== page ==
Around a series of the season’s best deposition scenes, the episode fills in the events surrounding the actual air-date of the Genoa story. We start with “Red Team III”, what’s supposed to be the third line of defence against a bad story. Here we’re presented with the full case built by Dantana, Mack and Charlie with the help of just about every other character at ACN (except Reese; Reese isn’t really a helper). We’ve got six major pieces of evidence: the initial tip from the crazy drone guy, two soldiers involved with the mission, a 3-star general and chemical weapons expert, Charlie’s confidential source, and some tweets that seem to be describing the use of sarin gas (as part of a mission to rescue two marines who were about to be sold for public beheading- this is the massive war crime up for discussion). We watch as this team of highly competent and highly moral people collectively reach the conclusion that, based on this evidence, the story should run. What the episode (and the whole season that preceded it, really) does beautifully is present evidence and arguments strong enough that the news team would believably invest in the story (Dantana made a particularly effective speech in the previous episode that floats quite clearly beneath the surface of the decision making process here), but nothing is so solid as to not fall apart with tragic ease when you pull just one dubious thread.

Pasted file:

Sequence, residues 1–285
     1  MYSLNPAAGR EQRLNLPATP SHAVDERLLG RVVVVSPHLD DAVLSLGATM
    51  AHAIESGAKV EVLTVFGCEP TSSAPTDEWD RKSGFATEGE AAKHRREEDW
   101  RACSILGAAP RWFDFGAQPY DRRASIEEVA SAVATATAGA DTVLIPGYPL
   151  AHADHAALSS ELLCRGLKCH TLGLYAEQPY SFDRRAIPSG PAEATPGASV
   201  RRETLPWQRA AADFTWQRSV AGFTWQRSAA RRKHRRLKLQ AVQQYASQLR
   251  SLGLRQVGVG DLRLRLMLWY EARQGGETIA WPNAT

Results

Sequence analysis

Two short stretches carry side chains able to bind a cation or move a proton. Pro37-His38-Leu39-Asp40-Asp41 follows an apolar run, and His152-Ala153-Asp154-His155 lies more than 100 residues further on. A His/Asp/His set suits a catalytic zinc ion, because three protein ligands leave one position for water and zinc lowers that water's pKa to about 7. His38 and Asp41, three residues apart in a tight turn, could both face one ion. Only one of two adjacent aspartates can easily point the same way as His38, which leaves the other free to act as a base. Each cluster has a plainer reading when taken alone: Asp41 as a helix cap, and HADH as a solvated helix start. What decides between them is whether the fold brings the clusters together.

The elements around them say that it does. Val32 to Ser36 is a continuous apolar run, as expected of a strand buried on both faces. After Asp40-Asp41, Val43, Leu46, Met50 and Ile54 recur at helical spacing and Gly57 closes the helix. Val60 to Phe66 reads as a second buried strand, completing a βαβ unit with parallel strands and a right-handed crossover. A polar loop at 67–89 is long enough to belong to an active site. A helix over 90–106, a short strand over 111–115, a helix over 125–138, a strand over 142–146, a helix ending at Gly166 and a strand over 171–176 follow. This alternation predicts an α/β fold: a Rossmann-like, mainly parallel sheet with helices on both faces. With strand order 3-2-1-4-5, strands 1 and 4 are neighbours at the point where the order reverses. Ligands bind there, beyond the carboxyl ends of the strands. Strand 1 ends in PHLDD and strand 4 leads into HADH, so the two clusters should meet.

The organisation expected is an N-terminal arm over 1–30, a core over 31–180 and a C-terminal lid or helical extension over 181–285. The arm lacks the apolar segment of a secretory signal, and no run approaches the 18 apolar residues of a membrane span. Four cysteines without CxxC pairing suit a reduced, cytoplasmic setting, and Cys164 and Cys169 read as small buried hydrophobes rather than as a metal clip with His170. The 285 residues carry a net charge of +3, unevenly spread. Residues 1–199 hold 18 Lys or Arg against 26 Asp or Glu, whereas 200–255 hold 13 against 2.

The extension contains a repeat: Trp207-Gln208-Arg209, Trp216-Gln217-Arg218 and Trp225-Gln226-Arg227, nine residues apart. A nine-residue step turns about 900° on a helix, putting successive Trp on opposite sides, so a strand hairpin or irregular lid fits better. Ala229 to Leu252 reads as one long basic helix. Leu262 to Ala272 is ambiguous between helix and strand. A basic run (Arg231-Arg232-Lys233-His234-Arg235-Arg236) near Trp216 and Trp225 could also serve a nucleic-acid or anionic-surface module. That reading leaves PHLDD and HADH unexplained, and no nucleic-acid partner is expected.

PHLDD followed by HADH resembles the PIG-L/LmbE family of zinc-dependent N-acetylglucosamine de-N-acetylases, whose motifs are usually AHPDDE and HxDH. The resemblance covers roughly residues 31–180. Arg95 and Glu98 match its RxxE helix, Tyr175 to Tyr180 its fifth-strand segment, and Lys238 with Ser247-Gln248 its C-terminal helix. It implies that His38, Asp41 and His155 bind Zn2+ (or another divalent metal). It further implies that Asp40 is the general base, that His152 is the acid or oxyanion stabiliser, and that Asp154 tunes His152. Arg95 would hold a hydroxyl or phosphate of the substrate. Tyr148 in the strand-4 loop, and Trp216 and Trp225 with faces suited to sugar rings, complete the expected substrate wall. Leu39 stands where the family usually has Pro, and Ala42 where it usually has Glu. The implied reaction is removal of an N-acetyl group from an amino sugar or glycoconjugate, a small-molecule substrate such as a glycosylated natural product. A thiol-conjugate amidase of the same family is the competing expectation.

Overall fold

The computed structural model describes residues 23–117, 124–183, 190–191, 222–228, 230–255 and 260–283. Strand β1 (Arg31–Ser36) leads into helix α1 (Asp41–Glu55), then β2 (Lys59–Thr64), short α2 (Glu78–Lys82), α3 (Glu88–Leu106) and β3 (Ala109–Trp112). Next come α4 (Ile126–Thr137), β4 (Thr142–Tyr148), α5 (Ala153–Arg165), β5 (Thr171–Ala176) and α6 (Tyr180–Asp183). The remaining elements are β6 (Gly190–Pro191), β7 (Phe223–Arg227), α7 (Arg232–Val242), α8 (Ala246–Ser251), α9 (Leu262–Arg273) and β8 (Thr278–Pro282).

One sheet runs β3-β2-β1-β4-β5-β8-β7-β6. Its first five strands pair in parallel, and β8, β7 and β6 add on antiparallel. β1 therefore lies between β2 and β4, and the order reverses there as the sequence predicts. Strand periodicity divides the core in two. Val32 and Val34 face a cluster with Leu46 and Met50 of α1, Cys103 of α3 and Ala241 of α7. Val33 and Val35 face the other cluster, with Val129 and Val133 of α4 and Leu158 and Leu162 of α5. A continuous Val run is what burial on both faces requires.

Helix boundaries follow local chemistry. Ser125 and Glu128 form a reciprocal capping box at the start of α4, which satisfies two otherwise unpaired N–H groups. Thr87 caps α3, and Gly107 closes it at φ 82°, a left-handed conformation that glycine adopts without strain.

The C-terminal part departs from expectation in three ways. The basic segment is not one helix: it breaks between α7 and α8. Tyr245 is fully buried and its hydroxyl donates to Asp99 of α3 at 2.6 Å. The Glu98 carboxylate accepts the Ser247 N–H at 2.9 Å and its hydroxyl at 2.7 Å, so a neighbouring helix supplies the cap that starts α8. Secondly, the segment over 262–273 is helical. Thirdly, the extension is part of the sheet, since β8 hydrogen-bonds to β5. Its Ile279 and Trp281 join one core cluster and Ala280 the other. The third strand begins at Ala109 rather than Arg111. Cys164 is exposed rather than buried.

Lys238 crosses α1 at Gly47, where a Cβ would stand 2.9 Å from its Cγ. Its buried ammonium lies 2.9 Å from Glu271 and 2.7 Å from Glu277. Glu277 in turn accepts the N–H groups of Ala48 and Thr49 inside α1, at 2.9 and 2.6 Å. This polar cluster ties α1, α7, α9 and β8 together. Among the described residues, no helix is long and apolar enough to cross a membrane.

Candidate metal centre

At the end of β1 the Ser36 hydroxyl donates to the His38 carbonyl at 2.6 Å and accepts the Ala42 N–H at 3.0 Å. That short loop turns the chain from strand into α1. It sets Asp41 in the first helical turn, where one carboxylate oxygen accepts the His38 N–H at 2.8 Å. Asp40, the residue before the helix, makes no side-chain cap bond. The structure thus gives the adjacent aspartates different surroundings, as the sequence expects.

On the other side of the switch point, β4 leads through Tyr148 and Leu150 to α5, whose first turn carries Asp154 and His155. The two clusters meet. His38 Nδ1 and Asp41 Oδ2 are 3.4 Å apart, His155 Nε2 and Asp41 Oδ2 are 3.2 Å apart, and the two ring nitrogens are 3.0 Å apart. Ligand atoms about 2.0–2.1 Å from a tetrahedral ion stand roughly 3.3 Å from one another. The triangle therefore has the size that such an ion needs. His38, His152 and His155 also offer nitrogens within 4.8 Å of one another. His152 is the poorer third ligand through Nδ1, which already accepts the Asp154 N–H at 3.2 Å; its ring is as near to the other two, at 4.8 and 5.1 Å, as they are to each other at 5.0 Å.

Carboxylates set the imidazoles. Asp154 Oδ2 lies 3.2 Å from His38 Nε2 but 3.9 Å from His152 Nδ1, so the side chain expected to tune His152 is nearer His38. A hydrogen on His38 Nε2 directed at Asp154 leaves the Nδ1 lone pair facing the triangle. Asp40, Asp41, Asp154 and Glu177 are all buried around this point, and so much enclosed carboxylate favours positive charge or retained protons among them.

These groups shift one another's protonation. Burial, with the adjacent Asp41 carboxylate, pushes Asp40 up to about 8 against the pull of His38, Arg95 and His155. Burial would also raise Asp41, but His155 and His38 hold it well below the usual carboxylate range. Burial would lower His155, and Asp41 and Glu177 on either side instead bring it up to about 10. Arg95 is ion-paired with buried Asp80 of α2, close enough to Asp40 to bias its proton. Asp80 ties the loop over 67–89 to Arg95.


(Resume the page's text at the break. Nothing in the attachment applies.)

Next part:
The second half of the episode is what happens after that thread is pulled.
If the episode has a flaw it’s the infelicitous convenience of some of the debunking. The strongest piece is by far Dantana’s editing of the raw footage from his interview with 3-star general. That move is the backbone of the whole Genoa story and is based on real events from CNN history. It’s detestable and understandable, with fascinating moral implications when you weigh Dantana’s journalistic ambition with his sense of righteous indignation (especially as contrasted with Maggie’s treatment of the Zimmerman 911 tape only 2 episodes earlier). Next there was the throwaway credibility of the twitter evidence (a testament to the unfortunate cost of the populisation of journalism: more information inevitably leads to more misinformation), and the dismissal of one first-person testimony (the soldier lied about having suffered a brain injury).
The failure of the second first-person testimony was more interesting, calling into question whether Mack might have led the second soldier with the evidence she thought she had from the first (and from Dantana’s faulty interview). Apart from Dantana’s contribution, this revelation put most of the blame in Mack’s hands. Yes, as EP, she was the one who approved the story, but so did Charlie and Will. The more interesting idea is that she subconsciously did what Jerry Dantana consciously did- set herself up as having more support for the story than was really there. This was the key piece of human failure that made Mack (and thus Will’s) arc more interesting than if they’d just been able to admonish Dantana from their perch high on the mountain of untouchable journalistic integrity. The last piece of the puzzle to fall apart was the most pedestrian- Charlie’s source turns out to be the father of a former News Night employee who died after being fired and falling off the wagon. He planted misleading evidence with Charlie in hopes of bringing ACN down as revenge for firing his son. It’s petty and disproportional to the point of silliness and the one piece of the story that wasn’t up to the calibre of the rest.